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Brands Museum is an ode to consumer whims

As a self-described “supermarket archeologist,” Robert Opie saves many of the things that the rest of society throws out.

As a self-described “supermarket archeologist,” Robert Opie saves many of the things that the rest of society throws out.

He picks up discarded candy bar wrappers from the street. He buys food products with no intention of actually eating them. And he appears frequently on British TV and radio as a historian of consumer culture and author of numerous books on the subject — he forgets precisely how many.

“I think it’s 20,” says the 61-year-old with owlish glasses who expounds at length, and with little prompting, on such topics as the shape of condiment containers and the texture of toilet paper.

“I’ve got another 200 inside me.”

Opie’s fascination with consumer products has resulted in a collection of half a million items, of which his 12,500 “favour­ites” are on display at his Museum of Brands, Packaging and Advertising in London’s Notting Hill.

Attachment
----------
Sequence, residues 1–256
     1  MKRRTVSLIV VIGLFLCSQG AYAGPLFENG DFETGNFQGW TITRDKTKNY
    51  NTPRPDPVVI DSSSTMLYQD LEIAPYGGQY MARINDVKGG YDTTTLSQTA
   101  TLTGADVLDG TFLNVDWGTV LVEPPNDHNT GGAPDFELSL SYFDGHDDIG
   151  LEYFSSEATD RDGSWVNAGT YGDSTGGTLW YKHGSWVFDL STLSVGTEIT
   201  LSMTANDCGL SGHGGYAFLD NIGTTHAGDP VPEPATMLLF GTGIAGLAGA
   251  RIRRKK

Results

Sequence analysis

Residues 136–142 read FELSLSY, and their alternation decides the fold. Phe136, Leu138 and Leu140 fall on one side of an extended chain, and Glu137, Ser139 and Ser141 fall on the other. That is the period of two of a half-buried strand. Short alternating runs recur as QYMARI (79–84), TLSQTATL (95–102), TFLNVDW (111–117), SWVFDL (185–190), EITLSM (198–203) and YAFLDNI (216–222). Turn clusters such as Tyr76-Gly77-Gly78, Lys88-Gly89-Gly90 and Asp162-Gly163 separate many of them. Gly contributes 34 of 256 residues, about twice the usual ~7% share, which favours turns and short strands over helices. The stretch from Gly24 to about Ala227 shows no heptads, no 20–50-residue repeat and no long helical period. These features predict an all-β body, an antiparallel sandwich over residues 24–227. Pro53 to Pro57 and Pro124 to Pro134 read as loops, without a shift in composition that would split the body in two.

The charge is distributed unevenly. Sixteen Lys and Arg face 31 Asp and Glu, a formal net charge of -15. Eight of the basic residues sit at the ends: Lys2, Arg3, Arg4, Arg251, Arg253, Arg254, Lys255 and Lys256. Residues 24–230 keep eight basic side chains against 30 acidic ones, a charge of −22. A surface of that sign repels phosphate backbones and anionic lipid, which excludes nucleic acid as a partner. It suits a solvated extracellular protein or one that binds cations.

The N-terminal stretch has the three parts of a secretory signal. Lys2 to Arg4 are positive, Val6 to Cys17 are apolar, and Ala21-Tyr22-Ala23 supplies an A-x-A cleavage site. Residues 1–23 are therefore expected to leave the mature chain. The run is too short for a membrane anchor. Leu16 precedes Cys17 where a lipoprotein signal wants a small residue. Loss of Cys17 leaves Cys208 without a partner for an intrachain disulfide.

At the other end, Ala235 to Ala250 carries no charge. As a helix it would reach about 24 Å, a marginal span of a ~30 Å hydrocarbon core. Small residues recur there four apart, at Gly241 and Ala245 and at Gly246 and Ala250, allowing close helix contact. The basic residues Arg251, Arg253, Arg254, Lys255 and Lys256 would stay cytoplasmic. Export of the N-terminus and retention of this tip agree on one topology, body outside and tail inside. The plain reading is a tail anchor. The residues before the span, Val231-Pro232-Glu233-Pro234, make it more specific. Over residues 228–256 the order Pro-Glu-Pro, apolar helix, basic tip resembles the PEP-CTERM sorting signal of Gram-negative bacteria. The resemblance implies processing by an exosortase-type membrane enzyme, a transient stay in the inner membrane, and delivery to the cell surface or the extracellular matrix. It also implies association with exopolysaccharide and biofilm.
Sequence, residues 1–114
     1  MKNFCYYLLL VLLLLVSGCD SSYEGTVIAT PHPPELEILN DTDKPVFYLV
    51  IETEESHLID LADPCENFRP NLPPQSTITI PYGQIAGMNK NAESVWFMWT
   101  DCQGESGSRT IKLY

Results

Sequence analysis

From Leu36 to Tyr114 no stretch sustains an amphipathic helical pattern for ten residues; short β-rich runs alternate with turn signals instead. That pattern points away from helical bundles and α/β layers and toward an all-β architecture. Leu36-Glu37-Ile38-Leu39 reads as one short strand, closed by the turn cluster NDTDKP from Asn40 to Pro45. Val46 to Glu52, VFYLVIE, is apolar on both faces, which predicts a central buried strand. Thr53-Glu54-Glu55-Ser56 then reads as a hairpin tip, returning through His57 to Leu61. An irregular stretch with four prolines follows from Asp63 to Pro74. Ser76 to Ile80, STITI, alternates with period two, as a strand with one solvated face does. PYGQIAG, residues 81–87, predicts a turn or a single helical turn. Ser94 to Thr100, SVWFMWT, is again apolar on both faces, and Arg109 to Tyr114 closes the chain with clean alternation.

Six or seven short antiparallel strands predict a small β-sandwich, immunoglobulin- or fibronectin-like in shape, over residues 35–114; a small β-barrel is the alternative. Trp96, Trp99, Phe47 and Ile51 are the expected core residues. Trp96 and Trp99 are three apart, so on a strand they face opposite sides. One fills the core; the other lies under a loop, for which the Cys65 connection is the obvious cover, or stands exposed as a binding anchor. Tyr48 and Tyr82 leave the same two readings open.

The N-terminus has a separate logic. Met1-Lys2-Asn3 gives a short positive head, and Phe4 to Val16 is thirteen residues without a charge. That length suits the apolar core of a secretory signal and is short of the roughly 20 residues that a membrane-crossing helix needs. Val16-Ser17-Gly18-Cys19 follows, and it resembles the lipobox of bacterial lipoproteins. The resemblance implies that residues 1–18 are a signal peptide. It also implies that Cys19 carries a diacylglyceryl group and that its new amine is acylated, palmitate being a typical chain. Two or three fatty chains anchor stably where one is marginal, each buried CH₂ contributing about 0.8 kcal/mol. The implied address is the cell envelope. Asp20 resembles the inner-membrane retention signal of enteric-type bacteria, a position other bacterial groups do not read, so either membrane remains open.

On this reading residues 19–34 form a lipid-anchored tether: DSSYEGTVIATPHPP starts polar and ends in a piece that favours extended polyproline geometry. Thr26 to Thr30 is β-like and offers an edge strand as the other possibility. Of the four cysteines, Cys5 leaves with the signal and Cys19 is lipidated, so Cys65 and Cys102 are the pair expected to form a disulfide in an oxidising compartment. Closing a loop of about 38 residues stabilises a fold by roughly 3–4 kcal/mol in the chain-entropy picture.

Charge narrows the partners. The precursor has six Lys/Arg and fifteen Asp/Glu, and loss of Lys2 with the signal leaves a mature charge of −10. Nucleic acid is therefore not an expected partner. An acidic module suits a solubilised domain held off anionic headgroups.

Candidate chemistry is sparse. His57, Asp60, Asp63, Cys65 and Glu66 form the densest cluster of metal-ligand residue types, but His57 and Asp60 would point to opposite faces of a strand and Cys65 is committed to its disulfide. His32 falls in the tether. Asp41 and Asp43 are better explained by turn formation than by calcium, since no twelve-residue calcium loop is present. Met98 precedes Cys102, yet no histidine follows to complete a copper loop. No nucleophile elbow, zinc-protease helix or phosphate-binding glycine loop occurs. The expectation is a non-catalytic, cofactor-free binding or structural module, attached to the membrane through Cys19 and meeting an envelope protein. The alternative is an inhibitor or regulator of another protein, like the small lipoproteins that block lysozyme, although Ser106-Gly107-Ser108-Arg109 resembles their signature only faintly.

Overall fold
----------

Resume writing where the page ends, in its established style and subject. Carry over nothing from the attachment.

Crammed into a space not much bigger than a corner store are shampoos, soft drinks, toilet cleaners, toothpaste tubes, breakfast cereals, bottles of beer, cigarette packs, chocolate bars, bags of salty snacks, toys, record albums and just about every other conceivable type of consumer product. They’re displayed chronologically, dating back to Victorian times.

From the vantage point of the 21st century, there are many oddities.

The Baby Daisy vacuum cleaner is a wood-and-canvas contraption from the first decade of the 20th century.

Ramsay’s Medicated Spice Nuts, from an earlier era, are advertised as “the most pleasant, safe and certain remedy for eradicating every species of worms, cleansing the stomach and bowels of everything offensive, and for purifying the blood and correcting the habit.”

But as Opie points out, 50 or 100 years from now people will probably consider some of today’s consumer products just as bizarre. Which is one reason why he finds consumer culture “blindingly exciting.”

“We are consumers from the moment we wake up to the moment we go to sleep. That makes our lives.”

A tour through the museum is a nostalgia trip as visitors come across products — Opie calls them “old friends” — from earlier days. Some will remember Heinz Real Turtle Soup, Mackintosh’s Rag-time Candy and Brownie cameras.

A 1930s display features a TV in a wooden console and tiny packs of Player’s, Air Mail and Black Cat cigarettes. From the ‘50s there are monosyllabic detergents and household cleaners such as Daz, Surf, Tide, Fab and Flash (“No Rinsing! No Wiping Dry!”).

 
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